Monday, April 1, 2013

Lower Gasoline Prices Will Help Consumers and Businesses Alike

Despite government policy, gasoline prices are trending down. That's good for both consumers and businesses.

Just think how much better things would be if government policy somehow shifted toward economic growth and energy independence. Oh well, such is life.

Lower Gas Prices Off Some Much-Needed Relief says this:

"Few saw this coming a month ago.

Gas prices have dropped from pretty high levels over the past few weeks, offering some relief to consumers who are grappling with higher taxes.

The national average price of gasoline last month fell 15 cents, or 3.9%, to $3.63 a gallon, the first drop in March in 10 years, according to the Automobile Association of America. Prices are 29 cents lower from where they were at this time a year ago.


“It is very unusual for gas prices to decline in early spring like we have seen this year,” AAA spokesman Avery Ash said in a statement. “An increase in refinery production and lower oil prices in early March have combined to provide rare falling prices for motorists in comparison to recent years.”

Gas prices usually rise at this time of year ahead of the peak, summer driving season. In 2013, prices have already swung wildly.

At one point, prices rose for 36 straight days, the longest stretch of consecutive increases in almost two years. Since peaking on Feb. 27 at $3.79 a gallon, gas prices have fallen in 29 of the past 33 days, AAA says.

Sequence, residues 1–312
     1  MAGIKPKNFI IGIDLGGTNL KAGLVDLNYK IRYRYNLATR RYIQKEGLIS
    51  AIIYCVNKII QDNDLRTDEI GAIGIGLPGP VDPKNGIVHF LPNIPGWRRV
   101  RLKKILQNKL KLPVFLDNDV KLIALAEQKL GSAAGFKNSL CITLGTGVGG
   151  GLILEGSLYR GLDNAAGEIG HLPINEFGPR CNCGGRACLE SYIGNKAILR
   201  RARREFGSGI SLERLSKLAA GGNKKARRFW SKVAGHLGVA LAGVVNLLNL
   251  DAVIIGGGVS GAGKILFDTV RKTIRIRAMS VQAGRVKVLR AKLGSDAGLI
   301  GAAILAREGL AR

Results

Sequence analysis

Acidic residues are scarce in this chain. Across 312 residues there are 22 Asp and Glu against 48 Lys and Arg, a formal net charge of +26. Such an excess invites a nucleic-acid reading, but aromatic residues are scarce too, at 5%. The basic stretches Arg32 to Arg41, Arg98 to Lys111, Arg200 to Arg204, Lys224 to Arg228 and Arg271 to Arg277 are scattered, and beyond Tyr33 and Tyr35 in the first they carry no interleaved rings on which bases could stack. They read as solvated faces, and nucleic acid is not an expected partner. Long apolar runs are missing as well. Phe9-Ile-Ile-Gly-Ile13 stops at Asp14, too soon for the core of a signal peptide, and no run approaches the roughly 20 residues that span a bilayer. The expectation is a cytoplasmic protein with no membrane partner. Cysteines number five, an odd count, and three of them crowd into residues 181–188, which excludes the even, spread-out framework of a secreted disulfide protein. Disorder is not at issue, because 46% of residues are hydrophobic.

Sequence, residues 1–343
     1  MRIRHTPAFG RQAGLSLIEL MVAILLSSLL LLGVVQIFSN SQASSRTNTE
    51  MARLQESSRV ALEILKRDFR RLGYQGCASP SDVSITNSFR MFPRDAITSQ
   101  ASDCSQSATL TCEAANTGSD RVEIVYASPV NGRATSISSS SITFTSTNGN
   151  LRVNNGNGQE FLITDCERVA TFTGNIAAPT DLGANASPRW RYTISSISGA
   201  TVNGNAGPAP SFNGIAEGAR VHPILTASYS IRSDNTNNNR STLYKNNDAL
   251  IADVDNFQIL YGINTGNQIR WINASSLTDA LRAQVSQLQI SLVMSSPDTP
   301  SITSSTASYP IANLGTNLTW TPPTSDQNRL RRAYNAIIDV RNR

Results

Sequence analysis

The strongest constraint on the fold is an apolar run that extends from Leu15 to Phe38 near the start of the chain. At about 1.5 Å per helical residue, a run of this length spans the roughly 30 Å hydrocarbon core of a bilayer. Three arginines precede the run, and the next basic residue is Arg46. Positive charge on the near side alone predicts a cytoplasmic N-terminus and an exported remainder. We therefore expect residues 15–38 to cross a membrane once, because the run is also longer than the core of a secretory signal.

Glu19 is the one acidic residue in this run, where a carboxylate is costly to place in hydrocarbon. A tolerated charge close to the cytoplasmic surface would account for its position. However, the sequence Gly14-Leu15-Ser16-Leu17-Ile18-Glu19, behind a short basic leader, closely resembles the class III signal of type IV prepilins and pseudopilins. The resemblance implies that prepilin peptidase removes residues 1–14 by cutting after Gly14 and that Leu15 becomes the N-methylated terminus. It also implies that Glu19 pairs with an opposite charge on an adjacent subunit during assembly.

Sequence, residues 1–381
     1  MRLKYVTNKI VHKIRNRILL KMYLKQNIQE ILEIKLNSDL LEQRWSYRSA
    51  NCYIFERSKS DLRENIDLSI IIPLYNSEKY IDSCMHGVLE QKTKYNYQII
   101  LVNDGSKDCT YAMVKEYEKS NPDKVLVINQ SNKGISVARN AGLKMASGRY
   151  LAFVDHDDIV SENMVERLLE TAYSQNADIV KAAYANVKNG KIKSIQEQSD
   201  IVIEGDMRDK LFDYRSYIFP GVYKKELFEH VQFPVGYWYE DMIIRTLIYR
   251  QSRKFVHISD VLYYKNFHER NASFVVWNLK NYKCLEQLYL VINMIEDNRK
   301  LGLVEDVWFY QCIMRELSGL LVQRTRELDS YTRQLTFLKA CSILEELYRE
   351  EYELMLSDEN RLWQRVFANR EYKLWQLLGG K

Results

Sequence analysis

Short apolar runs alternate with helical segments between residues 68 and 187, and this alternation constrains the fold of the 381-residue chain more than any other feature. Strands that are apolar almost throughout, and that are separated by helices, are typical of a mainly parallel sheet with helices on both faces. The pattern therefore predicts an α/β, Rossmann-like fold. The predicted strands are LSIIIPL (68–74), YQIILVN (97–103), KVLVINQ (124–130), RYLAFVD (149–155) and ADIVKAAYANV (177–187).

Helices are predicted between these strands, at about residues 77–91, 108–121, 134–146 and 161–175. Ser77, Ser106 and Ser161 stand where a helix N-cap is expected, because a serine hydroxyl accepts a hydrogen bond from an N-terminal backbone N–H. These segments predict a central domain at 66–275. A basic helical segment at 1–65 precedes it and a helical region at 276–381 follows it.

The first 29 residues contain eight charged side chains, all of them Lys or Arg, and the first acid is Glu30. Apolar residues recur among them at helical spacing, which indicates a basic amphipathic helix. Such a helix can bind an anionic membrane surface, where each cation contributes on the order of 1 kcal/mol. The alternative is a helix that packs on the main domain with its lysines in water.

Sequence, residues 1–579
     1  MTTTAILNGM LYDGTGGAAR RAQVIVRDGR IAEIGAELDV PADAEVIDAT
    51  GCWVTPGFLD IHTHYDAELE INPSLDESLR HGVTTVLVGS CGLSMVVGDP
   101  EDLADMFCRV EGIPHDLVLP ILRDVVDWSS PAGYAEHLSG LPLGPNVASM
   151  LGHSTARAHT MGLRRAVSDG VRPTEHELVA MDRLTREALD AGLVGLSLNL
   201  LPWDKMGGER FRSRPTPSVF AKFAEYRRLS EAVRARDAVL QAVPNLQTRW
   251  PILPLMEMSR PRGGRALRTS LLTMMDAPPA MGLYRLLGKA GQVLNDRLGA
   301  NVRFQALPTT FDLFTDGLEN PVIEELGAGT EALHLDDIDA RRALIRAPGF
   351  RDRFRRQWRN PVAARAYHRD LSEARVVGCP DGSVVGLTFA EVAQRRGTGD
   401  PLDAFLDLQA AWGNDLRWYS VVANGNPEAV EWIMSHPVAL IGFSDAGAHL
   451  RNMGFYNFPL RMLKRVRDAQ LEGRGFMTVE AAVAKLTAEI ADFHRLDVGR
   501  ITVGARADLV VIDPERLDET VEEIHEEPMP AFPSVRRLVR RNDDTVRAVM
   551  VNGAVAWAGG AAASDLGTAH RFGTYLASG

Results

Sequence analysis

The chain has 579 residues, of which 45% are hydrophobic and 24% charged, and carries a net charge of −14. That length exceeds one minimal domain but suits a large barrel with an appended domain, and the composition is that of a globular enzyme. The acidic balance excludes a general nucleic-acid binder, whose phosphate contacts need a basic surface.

The good news is AAA expects gas prices to remain less expensive than they have been in recent years, largely because oil is cheaper and refinery production is rising.

“AAA has no record of gas prices ever peaking in February, and it is too early to say whether prices may have hit a high for the first half of the year,” Ash said. “While it is possible that gas prices may surge briefly again this spring, the national average should remain less than last year’s high of $3.94 per gallon.""
Summing Up
Gas prices should keep coming down this spring, perhaps both in absolute terms as well as relative to prior year levels.
If so, perhaps the summer driving season will not result in price spikes.
And that price decline would be a virtual certainty if President Obama decides to get with the program by approving the construction of the Keystone XL Pipeline, approves additional domestic drilling, and then tops it all off by agreeing to the unlimited exporting of our abundant natural gas supplies.
In other words, all he has to do is what's best for America --- let the free market and free people go to work.
That's my take.
Thanks. Bob.

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